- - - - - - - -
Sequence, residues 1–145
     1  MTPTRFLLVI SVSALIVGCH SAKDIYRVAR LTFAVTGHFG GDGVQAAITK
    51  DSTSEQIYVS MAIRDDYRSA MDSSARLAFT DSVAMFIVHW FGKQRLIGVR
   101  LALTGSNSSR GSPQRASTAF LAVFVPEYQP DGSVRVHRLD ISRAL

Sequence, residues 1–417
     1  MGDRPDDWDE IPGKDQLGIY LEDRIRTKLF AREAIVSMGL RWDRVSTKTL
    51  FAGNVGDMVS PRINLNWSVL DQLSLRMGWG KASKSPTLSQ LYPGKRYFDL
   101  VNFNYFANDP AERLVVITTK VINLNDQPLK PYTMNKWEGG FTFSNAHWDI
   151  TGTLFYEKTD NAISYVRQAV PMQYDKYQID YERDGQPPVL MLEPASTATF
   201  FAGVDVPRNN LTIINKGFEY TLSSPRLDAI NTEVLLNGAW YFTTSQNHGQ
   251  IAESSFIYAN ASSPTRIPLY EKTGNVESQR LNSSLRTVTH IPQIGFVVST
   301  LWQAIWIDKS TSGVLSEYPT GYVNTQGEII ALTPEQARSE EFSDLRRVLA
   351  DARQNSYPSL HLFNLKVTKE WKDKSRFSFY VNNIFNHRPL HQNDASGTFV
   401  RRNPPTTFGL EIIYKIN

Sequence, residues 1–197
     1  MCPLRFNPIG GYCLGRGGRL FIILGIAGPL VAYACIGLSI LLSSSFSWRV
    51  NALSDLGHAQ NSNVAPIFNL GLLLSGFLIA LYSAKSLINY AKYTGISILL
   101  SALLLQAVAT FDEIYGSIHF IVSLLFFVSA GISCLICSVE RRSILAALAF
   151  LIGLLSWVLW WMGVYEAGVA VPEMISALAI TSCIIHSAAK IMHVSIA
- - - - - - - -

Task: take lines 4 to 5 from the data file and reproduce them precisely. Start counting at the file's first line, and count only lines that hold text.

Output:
   101  LALTGSNSSR GSPQRASTAF LAVFVPEYQP DGSVRVHRLD ISRAL

Sequence, residues 1–417